Close to the Las Ramblas area, Barcelona’s bustling Barri Gòtic comprises a maze of medieval streets thronged with stylish bars, smart eateries, lively clubs, laid-back cafes, and lots of stalls. 

I really love this area, and it’s the place to be after dark, as well as by day if you want to sample street food or snap up unique items made from leather or one-off pieces of jewellery. 

There is an art market held every weekend in the Plaça del Pi. The Museum of the History of Barcelona is also located in the Gothic Quarter. 

17. Camp Nou

Opening times:

  • January to March 18: Monday to Saturday 10:00 – 18:30, Sunday 10:00 – 14:30
  • March 19 to October 16: 09:30 – 19:30
  • October 17 to December 18: Monday to Saturday 10:00 – 18:30, Sunday 10:00 – 14:30
  • December 19 to December 31: 09:30 – 19:30

Book: FC Barcelona Museum “Barça Immersive Tour” Ticket

Fans of the beautiful game will not want to miss Camp Nou, home to Barcelona FC. Europe’s largest stadium opened in 1957 and can accommodate close to 100,000 people.

Camp Nou

While it’s the fourth largest football stadium on the planet, it’s quite possibly the most famous.

Barcelona FC have won numerous European titles, while the stadium has played host to many football tournaments.

These include the Champions League, the Olympics, and the Cup Winners’ Cup, as well as regular La Liga games. 

I’m not really a football fan myself, but I have no doubt that fans of the game will love visiting here.

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18. Day trip to Montserrat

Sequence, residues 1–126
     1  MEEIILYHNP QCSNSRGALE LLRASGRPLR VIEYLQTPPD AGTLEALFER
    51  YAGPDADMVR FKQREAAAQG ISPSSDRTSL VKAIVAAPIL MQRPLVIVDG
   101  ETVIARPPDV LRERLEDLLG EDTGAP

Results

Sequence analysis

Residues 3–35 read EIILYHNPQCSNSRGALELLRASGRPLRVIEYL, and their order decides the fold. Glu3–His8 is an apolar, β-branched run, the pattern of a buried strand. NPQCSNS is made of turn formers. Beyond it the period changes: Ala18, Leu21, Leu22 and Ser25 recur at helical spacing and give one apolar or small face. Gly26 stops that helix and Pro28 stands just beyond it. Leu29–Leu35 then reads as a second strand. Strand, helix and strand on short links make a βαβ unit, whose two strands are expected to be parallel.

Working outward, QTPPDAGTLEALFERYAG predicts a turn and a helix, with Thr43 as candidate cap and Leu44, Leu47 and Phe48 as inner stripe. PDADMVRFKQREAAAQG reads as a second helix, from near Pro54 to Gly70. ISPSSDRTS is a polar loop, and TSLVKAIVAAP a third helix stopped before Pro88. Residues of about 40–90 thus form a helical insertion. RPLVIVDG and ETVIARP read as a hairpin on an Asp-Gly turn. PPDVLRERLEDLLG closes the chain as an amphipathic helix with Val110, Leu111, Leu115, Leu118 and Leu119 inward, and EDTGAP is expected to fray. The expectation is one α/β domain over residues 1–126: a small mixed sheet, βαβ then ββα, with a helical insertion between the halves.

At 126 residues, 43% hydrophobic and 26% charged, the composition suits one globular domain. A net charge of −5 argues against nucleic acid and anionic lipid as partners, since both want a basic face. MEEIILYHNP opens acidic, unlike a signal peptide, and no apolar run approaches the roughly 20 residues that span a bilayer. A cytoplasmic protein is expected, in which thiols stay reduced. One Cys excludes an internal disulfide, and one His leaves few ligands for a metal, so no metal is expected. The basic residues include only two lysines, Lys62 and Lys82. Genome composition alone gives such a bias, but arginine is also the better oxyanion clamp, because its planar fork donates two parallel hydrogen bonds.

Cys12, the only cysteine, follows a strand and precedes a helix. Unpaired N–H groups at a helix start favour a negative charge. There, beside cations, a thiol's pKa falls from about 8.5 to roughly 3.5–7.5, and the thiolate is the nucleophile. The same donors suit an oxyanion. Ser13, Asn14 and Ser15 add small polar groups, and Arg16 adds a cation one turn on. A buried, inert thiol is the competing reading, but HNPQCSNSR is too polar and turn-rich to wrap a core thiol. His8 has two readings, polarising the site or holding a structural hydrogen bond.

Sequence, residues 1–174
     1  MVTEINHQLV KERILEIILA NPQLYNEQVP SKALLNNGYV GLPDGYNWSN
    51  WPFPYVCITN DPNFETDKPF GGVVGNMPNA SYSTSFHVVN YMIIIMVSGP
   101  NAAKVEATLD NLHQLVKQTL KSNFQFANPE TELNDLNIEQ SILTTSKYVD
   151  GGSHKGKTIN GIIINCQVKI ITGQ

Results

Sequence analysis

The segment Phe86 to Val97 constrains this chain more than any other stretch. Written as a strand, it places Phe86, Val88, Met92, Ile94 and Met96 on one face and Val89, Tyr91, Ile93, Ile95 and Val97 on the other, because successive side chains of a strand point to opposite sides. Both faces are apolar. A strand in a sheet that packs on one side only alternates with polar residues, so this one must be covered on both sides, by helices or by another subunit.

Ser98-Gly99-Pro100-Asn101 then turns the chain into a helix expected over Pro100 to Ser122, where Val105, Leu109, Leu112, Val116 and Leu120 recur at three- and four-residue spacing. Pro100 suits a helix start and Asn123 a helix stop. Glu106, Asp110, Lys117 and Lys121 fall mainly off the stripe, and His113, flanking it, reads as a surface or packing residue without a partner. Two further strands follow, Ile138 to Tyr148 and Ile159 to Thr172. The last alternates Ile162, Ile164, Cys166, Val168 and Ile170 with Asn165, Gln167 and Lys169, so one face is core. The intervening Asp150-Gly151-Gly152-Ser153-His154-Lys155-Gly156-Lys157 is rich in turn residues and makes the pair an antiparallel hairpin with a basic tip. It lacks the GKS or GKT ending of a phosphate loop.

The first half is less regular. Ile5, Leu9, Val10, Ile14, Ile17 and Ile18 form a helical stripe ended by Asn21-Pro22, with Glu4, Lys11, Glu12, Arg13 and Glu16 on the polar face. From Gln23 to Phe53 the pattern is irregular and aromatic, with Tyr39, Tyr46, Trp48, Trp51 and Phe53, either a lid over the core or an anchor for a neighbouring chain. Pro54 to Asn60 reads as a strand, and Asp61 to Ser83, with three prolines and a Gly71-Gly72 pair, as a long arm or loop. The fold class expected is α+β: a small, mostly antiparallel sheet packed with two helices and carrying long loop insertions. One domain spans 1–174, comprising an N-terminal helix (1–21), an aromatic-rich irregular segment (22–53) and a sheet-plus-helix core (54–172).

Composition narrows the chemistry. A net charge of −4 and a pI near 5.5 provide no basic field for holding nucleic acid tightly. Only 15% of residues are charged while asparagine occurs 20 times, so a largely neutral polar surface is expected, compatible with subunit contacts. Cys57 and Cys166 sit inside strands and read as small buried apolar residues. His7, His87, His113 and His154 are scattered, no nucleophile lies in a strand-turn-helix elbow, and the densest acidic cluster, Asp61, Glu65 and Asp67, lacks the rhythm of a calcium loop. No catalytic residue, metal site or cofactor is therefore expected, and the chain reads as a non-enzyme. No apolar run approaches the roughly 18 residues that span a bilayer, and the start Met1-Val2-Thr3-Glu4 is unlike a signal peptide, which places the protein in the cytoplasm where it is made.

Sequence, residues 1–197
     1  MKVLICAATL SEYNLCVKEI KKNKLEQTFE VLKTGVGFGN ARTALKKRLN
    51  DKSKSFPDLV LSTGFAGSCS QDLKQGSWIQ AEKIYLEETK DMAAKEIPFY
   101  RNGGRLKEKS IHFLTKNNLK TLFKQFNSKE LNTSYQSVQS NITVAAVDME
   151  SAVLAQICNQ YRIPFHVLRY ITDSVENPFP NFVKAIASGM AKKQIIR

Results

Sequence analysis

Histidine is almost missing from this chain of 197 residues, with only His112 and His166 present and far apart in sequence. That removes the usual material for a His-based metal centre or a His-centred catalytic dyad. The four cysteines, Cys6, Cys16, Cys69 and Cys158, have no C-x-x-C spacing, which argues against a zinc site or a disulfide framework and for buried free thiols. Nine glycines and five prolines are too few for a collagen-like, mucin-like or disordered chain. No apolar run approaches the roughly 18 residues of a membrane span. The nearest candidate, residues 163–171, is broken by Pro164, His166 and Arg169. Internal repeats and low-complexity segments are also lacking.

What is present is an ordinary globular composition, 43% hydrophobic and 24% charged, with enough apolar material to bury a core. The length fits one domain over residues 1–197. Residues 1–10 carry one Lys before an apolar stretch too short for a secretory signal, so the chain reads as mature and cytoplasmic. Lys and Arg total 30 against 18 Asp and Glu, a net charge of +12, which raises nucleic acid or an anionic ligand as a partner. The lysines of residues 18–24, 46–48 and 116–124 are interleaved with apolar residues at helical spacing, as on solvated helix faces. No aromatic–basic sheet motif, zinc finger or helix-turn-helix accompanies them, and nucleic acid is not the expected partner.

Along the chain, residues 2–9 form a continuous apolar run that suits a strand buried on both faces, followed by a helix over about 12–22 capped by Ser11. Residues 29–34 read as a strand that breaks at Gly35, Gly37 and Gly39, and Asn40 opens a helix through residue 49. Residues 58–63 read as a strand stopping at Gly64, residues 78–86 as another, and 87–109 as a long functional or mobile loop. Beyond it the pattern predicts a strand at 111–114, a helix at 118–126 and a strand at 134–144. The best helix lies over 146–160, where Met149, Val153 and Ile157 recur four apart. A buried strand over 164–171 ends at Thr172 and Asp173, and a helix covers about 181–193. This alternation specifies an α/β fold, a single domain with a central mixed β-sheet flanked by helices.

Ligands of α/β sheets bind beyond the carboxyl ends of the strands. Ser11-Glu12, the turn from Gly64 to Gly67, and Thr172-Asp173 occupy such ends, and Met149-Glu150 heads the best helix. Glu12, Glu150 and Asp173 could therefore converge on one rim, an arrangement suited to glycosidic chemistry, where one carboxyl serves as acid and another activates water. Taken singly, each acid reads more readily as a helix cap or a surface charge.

Montserrat is a mountain range and national park north west of Barcelona. The train trip from the city takes around an hour, and the area is also home to a Benedictine monastery.

This is positioned on a lofty mountainside site. As such, it affords those who venture up here awe-inspiring views over the landscape – I think it’s well worth the trip.

Other things to do in Montserrat include spotting native flora and fauna in the national park, seeing the Black Madonna in the basilica, and exploring the art museum.

19. Palau de la Música Catalana

Opening times:

  • Tours every 30 minutes
  • Daily: 10:00 – 15:30
  • Easter & July: 10:00 – 18:00
  • August: 09:00 – 18:00

Tour length: 55 minutes


Palau de la Música Catalana

A UNESCO listed world heritage site, Palau de la Música Catalana is a concert venue in Barcelona. Architecturally it’s a masterpiece, and the hall can hold over 500 people.

Equipped with state-of-the-art audiovisual technology, the acoustics can be adapted to suit various music genres as well as speech.

I’d recommend this working music hall as one of the top things to do in Barcelona for any fans of culture and architecture, as well as music.  

20. Eat Tapas


Sharing an array of small tapas dishes while sipping local wine is a must for many who visit Barcelona. Or if you’re travelling solo, then it’s just more for you to enjoy!

In fact, indulging in tapas is probably what I most look forward to whenever I visit Barcelona!

If you want to avoid the tourist traps, I’d highly recommend visiting El Xampanyet, which tends to be packed to the rafters with locals.

While El Nacionel is a more glamorous place popular with tourists – but understandably so.

Both offer outstanding food, and El Xampanyet also serves up its very own Cava by the glass as you sit at a marble table or lean against a blue-tiled wall.

On the prestigious Passeig de Gracia, El Nacionel is well known in gastronomic circles and has four bars and an equal number of dining areas.

These include La Taperia, where you can try some of the city’s finest small sharing plates. 

If you have any recommendations for the best things to do in Barcelona then do get in touch in the comments!

Planning a trip to this beautiful city? Discover my pick of the best hotels in Barcelona, the top Michelin star restaurants in Barcelona and my favourite Barcelona rooftop bars.

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Jessie Moore
Jessie Moore

Jessie is a luxury travel expert with years of experience travelling the world to find the best destinations, hotels and adventures.